The line between competition and hostility is certainly a hazy one in politics; criticism of any party’s policies is rarely unaccompanied by personal attacks on the integrity and motives of the proposer. However, despite politicians often confusing insults with criticism of policy, one can often tell when an attack is merited and when it is simply hostility for the sake of hostility.

The sitting Pakistan Tehreek-e-Insaaf (PTI) government has often been advised to seek a path of conciliation, or at least avoid active confrontation, with the opposition – after all there is no need to do so now they are in power. Yet, the party seems adamant to seek out trouble where there is none.

The reported intention of the federal government to amend the name of Benazir Income Support Programme (BISP) – and the credence given to this idea by many PTI members and government officials – is one such unnecessary battle. The criticism it is receiving from across the board is not only to be expected, but in many cases, is justified.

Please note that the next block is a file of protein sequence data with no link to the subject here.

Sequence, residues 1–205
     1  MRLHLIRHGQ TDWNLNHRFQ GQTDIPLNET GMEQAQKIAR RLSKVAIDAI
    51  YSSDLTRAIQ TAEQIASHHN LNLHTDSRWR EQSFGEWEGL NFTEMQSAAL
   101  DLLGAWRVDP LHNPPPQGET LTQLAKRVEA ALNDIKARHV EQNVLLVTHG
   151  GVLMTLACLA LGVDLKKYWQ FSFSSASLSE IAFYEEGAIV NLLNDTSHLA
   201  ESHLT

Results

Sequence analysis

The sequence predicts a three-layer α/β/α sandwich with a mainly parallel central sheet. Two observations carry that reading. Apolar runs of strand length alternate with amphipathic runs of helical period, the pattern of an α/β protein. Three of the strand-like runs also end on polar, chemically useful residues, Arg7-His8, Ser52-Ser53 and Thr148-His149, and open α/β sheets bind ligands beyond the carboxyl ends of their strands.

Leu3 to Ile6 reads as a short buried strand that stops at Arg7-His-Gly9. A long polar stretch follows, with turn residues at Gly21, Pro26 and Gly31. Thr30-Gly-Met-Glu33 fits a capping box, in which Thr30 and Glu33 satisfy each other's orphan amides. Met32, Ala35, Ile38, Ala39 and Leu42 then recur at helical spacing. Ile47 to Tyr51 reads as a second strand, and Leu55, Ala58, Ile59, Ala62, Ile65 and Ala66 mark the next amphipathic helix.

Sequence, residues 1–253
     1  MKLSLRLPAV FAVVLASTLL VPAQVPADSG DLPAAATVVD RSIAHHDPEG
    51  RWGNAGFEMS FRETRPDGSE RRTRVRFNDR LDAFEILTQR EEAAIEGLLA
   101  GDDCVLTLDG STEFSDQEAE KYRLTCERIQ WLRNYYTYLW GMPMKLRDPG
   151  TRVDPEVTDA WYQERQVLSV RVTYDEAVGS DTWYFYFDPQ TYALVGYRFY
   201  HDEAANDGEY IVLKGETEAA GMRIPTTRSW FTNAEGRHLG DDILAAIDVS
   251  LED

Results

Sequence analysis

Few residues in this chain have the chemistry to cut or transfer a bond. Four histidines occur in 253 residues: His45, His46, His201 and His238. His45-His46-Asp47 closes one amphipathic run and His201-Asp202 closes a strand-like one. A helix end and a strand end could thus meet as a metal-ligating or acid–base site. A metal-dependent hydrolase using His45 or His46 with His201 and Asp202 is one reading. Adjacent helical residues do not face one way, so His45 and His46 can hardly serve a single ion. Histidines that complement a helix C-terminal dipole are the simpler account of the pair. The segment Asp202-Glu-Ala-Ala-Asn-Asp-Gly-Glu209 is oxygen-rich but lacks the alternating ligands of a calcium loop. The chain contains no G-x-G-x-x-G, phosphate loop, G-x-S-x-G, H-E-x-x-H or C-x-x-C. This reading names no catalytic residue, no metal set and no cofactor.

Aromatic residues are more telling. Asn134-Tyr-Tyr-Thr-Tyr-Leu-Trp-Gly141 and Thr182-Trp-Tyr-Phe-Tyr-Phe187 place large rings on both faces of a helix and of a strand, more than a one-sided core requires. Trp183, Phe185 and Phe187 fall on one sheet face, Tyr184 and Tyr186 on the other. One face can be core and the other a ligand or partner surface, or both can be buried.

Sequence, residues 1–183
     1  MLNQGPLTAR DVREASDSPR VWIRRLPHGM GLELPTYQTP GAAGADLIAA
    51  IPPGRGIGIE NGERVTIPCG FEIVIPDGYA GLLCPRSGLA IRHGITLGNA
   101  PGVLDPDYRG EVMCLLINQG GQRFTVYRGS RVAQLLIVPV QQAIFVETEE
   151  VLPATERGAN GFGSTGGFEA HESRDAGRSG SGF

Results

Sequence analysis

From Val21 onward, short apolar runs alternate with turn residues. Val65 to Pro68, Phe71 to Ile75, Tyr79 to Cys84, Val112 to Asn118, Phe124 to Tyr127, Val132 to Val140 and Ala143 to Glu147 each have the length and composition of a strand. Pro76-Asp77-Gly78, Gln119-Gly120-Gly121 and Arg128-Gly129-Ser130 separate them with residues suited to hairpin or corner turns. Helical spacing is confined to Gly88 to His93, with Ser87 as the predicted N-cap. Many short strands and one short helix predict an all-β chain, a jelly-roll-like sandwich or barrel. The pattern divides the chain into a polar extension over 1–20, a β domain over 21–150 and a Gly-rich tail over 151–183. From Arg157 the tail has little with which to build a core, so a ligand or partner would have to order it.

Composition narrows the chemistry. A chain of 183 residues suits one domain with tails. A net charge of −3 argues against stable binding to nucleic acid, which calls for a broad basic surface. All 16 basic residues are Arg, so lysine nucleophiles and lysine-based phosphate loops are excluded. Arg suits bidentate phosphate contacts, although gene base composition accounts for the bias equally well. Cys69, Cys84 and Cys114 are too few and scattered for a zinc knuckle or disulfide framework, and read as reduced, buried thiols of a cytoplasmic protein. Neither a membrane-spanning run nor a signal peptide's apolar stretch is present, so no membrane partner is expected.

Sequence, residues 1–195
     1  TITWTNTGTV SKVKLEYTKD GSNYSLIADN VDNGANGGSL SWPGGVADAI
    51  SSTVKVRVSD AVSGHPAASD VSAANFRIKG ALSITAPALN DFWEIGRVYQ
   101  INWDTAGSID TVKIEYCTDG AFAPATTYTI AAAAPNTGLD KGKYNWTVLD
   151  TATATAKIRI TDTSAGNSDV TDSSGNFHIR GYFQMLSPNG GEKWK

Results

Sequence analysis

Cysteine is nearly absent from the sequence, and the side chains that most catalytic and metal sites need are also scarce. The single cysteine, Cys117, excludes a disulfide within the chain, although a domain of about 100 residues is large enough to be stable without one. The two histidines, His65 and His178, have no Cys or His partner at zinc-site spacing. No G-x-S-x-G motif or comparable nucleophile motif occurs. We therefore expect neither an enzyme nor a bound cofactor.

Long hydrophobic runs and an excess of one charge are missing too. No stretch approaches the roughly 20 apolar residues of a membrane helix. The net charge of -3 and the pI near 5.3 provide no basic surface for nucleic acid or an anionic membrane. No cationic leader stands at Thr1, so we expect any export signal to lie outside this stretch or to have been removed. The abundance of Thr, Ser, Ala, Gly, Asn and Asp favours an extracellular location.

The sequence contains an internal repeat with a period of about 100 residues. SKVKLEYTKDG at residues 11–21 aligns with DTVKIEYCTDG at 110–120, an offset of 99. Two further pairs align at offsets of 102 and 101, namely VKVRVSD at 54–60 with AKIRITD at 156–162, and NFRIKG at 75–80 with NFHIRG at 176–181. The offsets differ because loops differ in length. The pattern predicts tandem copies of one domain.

There is nothing to be gained in changing the name – absolutely nothing. There will be no change in how the programme works nor does effect the perception of the people receiving aid from it. Until this issue was raised by the PTI the name of this government scheme was a completely non-controversial choice. The “intent” to change it is therefore simply born out of a desire to oppose the Pakistan People’s Party (PPP), not to bring about any meaningful change.

Moreover, that fact that Beanzir Bhutto was an internationally renowned personality and a well-respected former Prime Minister makes this decision seem all the more spiteful. The government should be setting higher standards of behaviour for itself, and the fact that even party members have criticised this move shows that being in constant ‘confrontation mode’ is not the right approach.